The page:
The Boatist

Sailboat Ownership, Translation Work and Tales of Minor Adventure

Retire early, be passionate, don't worry, die poor

Wednesday, February 25, 2015

How to Buy a Sailboat - Do the Math

Cheap Sailboat

If you're planning to buy your first sailboat or even a different type of boat, don't ask how much it will cost. Instead, ask how much it's going to cost you

Although you can easily answer the first question by checking price tags, you'll probably have no idea know how much it's going to cost you until it's too late.   

Two Scenarios

Scenario 1
A friend of mine bought a 39-foot sailboat in the year 2000. It was an unfinished, overbuilt go-anywhere cruiser. In 2002, after having blown his budget, it was ready for the Atlantic crossing but still unfinished, quite rudimentary and naked: no roller furling, no self-tailing winches, no fridge, no radar, no dodger...well, not much of anything. The price tag, however, had reached €100,000.

During the 13 years since the Atlantic crossing, he has spent €66,000 euros on boat operating costs and a few minor upgrades, but the boat is still naked and now even a bit scuffed.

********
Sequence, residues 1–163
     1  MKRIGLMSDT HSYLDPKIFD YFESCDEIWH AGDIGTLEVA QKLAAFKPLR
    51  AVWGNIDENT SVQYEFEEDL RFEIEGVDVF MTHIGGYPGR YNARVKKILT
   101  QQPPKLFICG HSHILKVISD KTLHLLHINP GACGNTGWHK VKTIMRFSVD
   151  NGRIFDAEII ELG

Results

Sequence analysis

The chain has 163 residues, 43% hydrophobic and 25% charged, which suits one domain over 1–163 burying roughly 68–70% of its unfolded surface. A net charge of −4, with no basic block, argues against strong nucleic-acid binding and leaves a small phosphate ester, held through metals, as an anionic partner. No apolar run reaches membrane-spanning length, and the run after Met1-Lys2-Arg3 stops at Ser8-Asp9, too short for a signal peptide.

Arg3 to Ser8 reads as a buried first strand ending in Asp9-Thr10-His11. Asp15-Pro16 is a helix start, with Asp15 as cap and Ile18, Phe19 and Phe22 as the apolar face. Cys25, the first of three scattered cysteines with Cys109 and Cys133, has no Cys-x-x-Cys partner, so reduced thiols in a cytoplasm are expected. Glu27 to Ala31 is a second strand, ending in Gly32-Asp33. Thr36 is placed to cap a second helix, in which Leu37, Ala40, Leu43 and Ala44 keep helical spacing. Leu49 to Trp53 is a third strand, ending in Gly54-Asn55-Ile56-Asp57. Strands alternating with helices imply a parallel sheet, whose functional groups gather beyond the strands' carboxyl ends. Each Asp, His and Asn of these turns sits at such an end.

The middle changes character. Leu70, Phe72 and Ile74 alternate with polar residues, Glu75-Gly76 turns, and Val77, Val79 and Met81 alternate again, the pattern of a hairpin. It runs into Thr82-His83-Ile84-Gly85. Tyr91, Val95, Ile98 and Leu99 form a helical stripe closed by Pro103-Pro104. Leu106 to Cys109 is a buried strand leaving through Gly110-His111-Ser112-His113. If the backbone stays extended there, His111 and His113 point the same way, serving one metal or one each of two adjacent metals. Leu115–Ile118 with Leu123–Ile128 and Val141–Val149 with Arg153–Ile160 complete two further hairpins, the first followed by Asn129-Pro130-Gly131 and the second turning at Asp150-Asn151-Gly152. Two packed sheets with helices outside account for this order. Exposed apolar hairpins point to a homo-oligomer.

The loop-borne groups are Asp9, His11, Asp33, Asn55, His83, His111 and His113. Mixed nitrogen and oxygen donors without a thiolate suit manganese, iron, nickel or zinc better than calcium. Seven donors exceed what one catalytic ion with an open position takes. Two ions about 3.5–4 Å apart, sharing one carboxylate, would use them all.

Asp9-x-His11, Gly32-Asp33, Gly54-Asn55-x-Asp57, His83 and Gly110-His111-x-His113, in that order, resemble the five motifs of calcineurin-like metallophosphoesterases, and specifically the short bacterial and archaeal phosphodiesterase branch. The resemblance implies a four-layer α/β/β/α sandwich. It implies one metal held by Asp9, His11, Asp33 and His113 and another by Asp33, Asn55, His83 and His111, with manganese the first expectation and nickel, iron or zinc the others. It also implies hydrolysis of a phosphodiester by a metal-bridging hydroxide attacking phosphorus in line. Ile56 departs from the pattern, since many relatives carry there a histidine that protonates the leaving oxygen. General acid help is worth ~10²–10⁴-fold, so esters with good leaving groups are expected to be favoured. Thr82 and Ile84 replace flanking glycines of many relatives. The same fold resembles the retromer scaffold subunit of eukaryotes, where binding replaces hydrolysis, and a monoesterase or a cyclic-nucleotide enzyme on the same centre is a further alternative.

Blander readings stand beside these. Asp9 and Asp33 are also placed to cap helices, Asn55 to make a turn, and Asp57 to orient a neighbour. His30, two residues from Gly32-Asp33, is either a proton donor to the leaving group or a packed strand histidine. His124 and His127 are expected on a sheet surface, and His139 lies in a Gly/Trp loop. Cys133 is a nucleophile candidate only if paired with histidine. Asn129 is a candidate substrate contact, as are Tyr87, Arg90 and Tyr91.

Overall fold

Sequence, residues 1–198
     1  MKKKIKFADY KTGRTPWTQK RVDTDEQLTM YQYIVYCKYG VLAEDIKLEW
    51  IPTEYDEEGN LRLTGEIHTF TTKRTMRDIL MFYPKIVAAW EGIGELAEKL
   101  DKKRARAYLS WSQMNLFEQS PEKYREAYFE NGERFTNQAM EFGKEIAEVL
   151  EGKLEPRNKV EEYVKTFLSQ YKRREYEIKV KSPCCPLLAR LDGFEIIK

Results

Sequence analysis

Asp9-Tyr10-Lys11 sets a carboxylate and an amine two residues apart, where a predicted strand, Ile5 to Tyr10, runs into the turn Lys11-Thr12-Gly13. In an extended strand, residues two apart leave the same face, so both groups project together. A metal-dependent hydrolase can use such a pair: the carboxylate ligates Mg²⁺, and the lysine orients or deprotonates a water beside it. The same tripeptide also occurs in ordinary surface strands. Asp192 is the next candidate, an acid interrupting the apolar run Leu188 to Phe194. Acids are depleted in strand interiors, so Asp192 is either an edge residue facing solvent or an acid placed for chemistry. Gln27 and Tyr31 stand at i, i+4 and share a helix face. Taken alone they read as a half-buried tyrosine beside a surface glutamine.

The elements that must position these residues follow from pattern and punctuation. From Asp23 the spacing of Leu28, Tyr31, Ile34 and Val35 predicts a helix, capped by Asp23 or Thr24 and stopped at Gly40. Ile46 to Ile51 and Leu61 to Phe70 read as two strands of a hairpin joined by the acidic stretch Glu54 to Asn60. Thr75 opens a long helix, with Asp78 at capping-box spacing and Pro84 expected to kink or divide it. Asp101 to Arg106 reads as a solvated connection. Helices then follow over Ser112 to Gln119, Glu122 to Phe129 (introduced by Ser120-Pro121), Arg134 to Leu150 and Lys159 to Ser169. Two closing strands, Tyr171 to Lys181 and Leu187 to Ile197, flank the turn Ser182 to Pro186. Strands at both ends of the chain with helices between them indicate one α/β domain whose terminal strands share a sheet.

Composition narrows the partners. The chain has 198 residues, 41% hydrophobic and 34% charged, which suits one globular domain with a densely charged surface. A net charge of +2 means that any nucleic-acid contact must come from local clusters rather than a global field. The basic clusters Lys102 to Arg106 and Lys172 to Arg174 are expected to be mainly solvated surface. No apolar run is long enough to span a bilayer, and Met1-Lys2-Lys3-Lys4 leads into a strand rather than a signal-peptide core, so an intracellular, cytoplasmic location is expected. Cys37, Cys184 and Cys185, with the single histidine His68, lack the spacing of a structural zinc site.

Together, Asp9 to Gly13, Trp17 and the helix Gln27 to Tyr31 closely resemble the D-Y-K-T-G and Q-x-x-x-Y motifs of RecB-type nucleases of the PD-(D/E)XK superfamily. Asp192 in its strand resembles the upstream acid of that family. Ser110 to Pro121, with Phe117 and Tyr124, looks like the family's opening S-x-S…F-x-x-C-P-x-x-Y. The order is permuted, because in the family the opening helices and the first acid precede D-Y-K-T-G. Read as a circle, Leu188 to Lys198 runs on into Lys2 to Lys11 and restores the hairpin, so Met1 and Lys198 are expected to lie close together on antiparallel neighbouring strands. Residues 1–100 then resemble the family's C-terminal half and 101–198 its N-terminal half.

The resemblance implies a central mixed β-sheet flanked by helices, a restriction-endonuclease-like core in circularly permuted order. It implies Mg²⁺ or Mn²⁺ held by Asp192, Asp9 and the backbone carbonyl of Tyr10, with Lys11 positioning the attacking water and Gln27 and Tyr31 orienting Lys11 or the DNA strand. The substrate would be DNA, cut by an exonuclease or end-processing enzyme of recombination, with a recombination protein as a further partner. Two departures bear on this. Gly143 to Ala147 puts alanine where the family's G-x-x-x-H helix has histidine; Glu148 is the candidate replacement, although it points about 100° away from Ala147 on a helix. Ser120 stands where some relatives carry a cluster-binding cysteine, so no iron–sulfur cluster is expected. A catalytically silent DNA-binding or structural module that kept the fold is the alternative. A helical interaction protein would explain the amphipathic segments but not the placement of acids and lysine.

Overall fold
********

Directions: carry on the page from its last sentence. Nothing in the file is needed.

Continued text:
Let's do the math:
   Initial cost                                        €100,000
   Operating costs/upgrades                   €66,000 
   Total                                                 €166,000
   Minus optimistic resale value          - €50,000 
   Total spent in 13 years                   €116,000

So, he wasted spent €116,000 in 13 years, which is equivalent to €9,000 per year, not including his labor. Ouch! I didn't know he was so rich, you'd never guess it by the car he drives, the clothes he wears or the restaurants he eats at...to think of it, he rarely goes to restaurants. What a cheapo!

Scenario 2
I have another friend who, coincidentally, 13 years ago purchased a roomy second-hand 26-foot well equipped production boat in great shape for €35,000. He spends about €2,000 per year to run it and does very little work other than keeping it shiny and clean.

Let's do the math:
   Initial cost                                          €35,000
   Operating costs/upgrades                  €26,000 
   Total                                                  €61,000
   Minus realistic resale value             - €20,000 
   Total spent in 13 years                    €41,000  

This owner spent €41,000 in 13 years, which is equivalent to €3,150 per year.

That's a staggering difference between the two scenarios. Additionally, we could also say that owner 2, besides spending 70% less money, also enjoyed his boat twice as much. Therefore 3 x 2 = 6 times better investment.